How Can Communities Participate

The process for becoming a certified CDE is not difficult, but the process of applying for an allocation is extremely timeconsuming, complex, and competitive. The CDFI Fund received applications in the first round from 347 groups requesting almost $26 billion in funding (more than 10 times the amount available). The second round, to be awarded this spring, is almost as competitive. A more sure-fire approach is to research which CDEs received allocations in your area and learn if their CDFI-approved loan and investment products match your project. [Visit the CDFI Fund website  for links to allocatees and their profiles.] From the advocacy perspective, start by learning where the low-income census tracts are in your area and then identify which vacant commercial properties or existing businesses might be attractive opportunities for investors. Refer to the CDFI website for additional information.

The National Trust Puts the NMTC in Action

The National Trust’s CDE, the National Trust Community Investment Corporation (NTCIC), received a $127 million New Markets Tax Credit award in the first round of NMTC allocations in March 2003. The Trust views the allocation as an important tool for revitalizing older communities in culturally diverse urban and small town centers. As such, the Trust is using the allocation to engage investors in projects that feature the adaptive use of historic and older properties that are compatible in scale and design to the surrounding neighborhood and that support locally owned businesses. It does this through four new lines of business: Two of them relate to providing the NMTC to investors in rehabilitation projects that qualify for the 10 or 20 percent rehabilitation tax credits and the other two bring the NMTC to small business/real estate redevelopment in Main Street communities and other commercial districts.

The rehabilitation of the Arthur Flemming Center in Washington, D.C., demonstrates how the 20 percent historic rehabilitation tax credit and the NMTC can work with smaller, Main Street–scale projects. NTCIC provided both New Markets and 20 percent historic rehabilitation tax credit financing for the $3.1 million rehabilitation of three vacant rowhouses. The center includes recreational and educational space for neighborhood senior citizens as well as upper-floor offices for nonprofit organizations that serve the social service needs of Shaw, a predominantly African-American Main Street community.

The properties are contributing structures to the Shaw Historic District, and the rehabilitation followed the Secretary of the Interior’s Standards, making it eligible for the 20 percent rehabilitation tax credit. The National Trust’s Banc of America Historic Tax Credit Fund, a $40 million equity fund capitalized by the Bank of America and managed by NTCIC, was the purchaser of the historic and New Markets tax credits. Because of the project’s location and the nature of the business, the act of purchasing the historic tax credits was a qualifying equity investment and New Markets Tax Credits were generated by the transaction. The result was a “twinned” equity investment of approximately $500,000 in the project.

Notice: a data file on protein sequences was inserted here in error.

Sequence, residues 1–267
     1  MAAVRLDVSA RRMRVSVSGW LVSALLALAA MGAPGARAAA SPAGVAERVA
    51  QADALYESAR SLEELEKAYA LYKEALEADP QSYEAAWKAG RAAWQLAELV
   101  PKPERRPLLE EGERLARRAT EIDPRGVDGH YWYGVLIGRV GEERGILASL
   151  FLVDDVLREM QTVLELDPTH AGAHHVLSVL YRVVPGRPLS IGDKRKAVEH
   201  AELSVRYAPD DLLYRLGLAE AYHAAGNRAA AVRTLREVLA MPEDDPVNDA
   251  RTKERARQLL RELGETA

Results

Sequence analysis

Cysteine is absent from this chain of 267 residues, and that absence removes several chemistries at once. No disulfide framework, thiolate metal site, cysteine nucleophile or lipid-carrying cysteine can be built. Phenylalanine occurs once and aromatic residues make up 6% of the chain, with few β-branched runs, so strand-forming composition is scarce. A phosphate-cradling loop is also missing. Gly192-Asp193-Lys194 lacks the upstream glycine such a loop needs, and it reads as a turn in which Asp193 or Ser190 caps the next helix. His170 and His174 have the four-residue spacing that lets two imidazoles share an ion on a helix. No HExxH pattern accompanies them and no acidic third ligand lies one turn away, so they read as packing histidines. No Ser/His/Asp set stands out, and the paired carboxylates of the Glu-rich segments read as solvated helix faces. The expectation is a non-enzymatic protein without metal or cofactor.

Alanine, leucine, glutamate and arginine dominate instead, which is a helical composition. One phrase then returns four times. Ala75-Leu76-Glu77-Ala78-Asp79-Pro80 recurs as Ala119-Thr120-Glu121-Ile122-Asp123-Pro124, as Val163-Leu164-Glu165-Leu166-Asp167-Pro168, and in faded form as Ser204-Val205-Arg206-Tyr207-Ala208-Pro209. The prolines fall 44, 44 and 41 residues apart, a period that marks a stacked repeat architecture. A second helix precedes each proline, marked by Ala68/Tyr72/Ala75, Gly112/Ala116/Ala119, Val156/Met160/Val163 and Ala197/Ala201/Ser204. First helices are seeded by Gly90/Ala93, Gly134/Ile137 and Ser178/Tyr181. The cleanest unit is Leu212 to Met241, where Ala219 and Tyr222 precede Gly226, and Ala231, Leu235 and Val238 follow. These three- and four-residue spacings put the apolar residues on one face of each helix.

NTCIC is also working to find other opportunities for Main Street communities to benefit from the NMTC. Specifically, it has partnered with local groups in six demonstration sites to launch its Main Street business lines. They are Rock Island, Ill.; Macon, Ga.; Pittsburgh, Pa.; and the states of Iowa, Kentucky, and Washington. In each locality, the Trust is using the NMTC to attract more local dollars to the community’s older and historic resources by improving terms for business loans and loans for commercial real estate transactions.

In Pittsburgh, for example, $3.9 million of the Trust’s NTMC allocation has been committed to the Pittsburgh History and Landmarks Foundation to support the $4 million rehabilitation of a four-story industrial-tech office building in the city’s Northside area. In Lexington, Ky. -- a Main Street community -- Renaissance Kentucky has received a $5 million commitment of the Trust’s allocation for a project to adapt a former Woolworth’s Building for new use by a big box retail store. It will reduce the interest rate to 1 percent on a $5 million construction/permanent loan. These projects offer promising examples of how the New Markets Tax Credit can bring additional resources to Main Street communities which contribute such vitality and local character to the commercial landscape.

All of the Trust’s 2003 allocation has already been committed. Contingent upon access to a future allocation, the Trust plans to continue to support twinned historic/New Markets projects and businesses in Main Street commercial districts. For more information on NTCIC’s NMTC activities and the Banc of America Historic Tax Credit Fund, please visit or call (202) 588-6054.

Publication Date: May/June 2004

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Author(s):Erica Stewart